An Everyday Thing by Nancy Richardson

An Everyday Thing by Nancy Richardson

An Everyday Thing by Nancy Richardson

A sparkling collection embodying truth through the influence of moral profundity rested in the themes of poems.

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A sparkling collection embodying truth through the influence of moral profundity rested in the themes of poems.


Publisher : Finishing Line Press (July 27, 2018)

Language : English

ISBN-13 : 978-1635345230

Nancy’s writings bring her signature sharp, perceptive, splendiferous language to this poetic collection which relates a great part with shootings of Kent State and other associated themes. 

In Kent State Trial, 1975 the art of poetry brings out the social point of view and the poetic style obliquely remarks the repulsive human behavior and culture during the 1970s. “The photos speak for themselves,” states that the photos are so shattering that discussion on its details might not seem appropriate and can deteriorate the decorum of the court. However, including such tragedies makes poetry a higher art and stimulates the purgation of emotions.

Kent State Trial, 1975

“The photos speak for themselves,” said the Judge

to the students’ lawyers. The jury puzzled over them,

but the photos lost their nerve. In this one the Governor

would shout, “worse than the brownshirts

and the communists, night riders and the vigilantes.”

Or another, blue sky, clouds, a clot of guardsmen

huddled in the field, perhaps a picnic on a spring day

in May. If the photo had bothered to listen it might

have overheard their plans to turn in unison and fire.

Fear brings out the ghastly horror and can give serious goosebumps to the reader if read in silence and with a complete feel. Each line of the poem is unequivocally stellar and entrances the reader with the poet’s bewildering insights.  


The air is thick with strobe lights and sweat.

On stage Jefferson Airplane sings for the four dead

and the nine wounded. Gracie Slick in a voice

like a dirt road, we are outlaws in the eyes of America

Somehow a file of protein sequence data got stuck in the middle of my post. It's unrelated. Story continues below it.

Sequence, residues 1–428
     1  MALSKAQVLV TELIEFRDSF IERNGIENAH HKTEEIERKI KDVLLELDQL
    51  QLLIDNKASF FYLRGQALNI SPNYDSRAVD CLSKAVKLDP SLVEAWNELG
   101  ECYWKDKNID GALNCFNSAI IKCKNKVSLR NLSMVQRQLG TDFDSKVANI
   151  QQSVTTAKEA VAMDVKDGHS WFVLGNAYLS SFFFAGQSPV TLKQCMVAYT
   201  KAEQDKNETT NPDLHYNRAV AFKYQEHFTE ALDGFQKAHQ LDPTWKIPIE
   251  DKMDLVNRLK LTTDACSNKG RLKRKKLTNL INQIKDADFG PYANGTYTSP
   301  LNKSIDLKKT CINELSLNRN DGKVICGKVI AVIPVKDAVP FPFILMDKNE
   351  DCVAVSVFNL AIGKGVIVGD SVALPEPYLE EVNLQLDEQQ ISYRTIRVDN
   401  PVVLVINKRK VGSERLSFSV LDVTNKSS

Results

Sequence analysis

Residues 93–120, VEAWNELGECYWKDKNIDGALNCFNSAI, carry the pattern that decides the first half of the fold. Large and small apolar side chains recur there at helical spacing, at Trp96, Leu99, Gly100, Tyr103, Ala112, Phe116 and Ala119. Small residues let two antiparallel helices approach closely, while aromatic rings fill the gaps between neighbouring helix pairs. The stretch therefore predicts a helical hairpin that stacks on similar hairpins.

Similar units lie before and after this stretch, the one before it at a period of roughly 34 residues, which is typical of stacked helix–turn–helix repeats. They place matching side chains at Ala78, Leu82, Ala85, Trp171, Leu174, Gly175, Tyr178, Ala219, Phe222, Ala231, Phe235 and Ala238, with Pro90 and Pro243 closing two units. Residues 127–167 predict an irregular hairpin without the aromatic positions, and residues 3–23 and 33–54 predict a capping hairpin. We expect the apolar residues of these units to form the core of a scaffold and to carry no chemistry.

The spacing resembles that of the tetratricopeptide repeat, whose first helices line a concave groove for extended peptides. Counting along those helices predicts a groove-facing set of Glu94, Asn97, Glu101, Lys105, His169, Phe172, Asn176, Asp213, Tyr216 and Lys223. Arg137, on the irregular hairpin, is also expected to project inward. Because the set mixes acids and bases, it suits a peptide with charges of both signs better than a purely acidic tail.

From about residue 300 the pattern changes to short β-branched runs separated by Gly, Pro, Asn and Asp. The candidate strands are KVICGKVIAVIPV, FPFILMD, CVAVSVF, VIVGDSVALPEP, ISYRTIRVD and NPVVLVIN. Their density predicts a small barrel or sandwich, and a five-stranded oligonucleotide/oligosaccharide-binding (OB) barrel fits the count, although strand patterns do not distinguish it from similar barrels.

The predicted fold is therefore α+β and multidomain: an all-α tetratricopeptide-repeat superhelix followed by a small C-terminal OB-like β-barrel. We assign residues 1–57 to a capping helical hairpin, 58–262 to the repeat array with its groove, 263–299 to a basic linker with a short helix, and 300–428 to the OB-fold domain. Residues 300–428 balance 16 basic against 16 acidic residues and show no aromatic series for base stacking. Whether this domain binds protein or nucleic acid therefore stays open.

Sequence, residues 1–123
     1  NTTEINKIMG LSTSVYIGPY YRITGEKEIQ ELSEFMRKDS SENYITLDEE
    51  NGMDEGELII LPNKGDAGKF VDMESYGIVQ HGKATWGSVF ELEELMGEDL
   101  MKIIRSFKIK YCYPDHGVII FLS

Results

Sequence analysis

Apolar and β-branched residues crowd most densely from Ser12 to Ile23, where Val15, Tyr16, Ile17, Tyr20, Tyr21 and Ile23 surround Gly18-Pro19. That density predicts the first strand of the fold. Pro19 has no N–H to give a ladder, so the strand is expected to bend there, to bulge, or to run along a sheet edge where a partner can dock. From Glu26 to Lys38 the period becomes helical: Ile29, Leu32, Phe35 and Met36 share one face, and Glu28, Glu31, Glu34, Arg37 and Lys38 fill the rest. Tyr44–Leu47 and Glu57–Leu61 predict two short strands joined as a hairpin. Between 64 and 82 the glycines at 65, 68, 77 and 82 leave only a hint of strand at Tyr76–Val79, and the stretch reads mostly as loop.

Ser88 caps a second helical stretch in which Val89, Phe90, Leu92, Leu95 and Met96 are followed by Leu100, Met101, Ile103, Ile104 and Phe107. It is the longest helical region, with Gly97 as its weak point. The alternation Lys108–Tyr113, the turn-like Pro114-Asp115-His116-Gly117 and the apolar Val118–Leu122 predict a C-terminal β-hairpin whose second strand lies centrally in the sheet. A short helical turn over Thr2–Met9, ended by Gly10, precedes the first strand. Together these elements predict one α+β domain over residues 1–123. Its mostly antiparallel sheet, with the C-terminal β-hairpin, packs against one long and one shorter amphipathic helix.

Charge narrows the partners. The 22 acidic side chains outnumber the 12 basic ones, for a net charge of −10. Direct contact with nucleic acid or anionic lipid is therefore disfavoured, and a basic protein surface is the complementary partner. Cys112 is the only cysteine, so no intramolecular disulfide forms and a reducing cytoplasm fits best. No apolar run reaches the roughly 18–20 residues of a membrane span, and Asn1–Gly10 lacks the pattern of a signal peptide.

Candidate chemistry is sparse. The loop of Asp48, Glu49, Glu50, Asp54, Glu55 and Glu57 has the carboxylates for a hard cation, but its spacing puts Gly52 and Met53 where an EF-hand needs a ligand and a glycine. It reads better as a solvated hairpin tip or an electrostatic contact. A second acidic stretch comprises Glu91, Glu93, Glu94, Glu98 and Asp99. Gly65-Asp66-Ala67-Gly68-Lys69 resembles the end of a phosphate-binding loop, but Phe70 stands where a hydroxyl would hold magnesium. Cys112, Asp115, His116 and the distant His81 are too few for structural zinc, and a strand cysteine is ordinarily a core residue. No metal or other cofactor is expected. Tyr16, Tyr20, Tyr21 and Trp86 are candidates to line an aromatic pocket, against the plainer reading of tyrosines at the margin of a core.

tear down the walls. Behind her on the screen

Jeffrey Miller’s body leaking down the concrete

in blue staccato lights. Somewhere a door lets in a gust

of fear. Tear down the walls won’t you try?

In An Everyday Thing each line overwhelms the reader by a succinct and simmers up the ardor as the book goes on. The inclusion of certain tragedies in the poetic collection is an artistic imitation of historical facts. The language embellished with each kind of artistic ornament through pity fear, horror affects the interpretations done by the brain while the verse seems so touching to the heart that it cannot be expressed in words by one.

An Everyday Thing

53Notes of the students’ lawyers, Kent State Trial

one round was fired on the hill.

what did they say?

you can see smoke in the pictures.

good hair, the jury likes him.

find the impeaching part.

cause she’s so pretty.

Directiveness, restraints, austerity and high seriousness in Nancy Richardson’s style of writing is quite noteworthy and brings her ideal of poetic art to a high level enunciating the classical philosophies of artistic beauty. Youngstown Ohio 1952, Myopia, Returning to Kent State and Randomness reflects intense light upon the shooting and trials of Kent State and the remarkable historical events of Ohio. However, most of the poems grab the theme from Kent State and Ohio each depicting a different perspective and context.

I highly recommend An Everyday Thing a wonderful collection by Nancy Richardson to all the readers. Read on!


                                                                                                                                                   --- Rochak Agarwal



Nancy Richardson’s poems concern coming of age in the rust-belt of Ohio during a period of decay of the physical and political structures that made the region once solid and predictable. The poems chart the shifting of the foundations upon which a life is built and the unpredictability of events that have profound personal and political consequences.Her poems have appeared in journals and anthologies and her first chapbooks, Unwelcomed Guest and The Fire’s Edge, focus on the events that occurred in the rust-belt of Ohio from the late 1970s onward. Her poetry book, An Everyday Thing, expands the narrative of that time and place, and concerns the effects of the period’s dislocation years afterward. That book received a Kirkus Star and was named one of the Best 100 Indie Books of 2018 in all genres.The poems in her new book, Going Home, have been selected from those in these previous volumes and combined with recent poems in a memoir that testifies to the poet’s life working for justice in education and government. Nancy lives and works in Vermont. She has an M.F.A in Writing from Vermont College of Fine Arts, an M.P.A. in Public Management from Harvard University, and a Ph.D. in Education from Kent State University.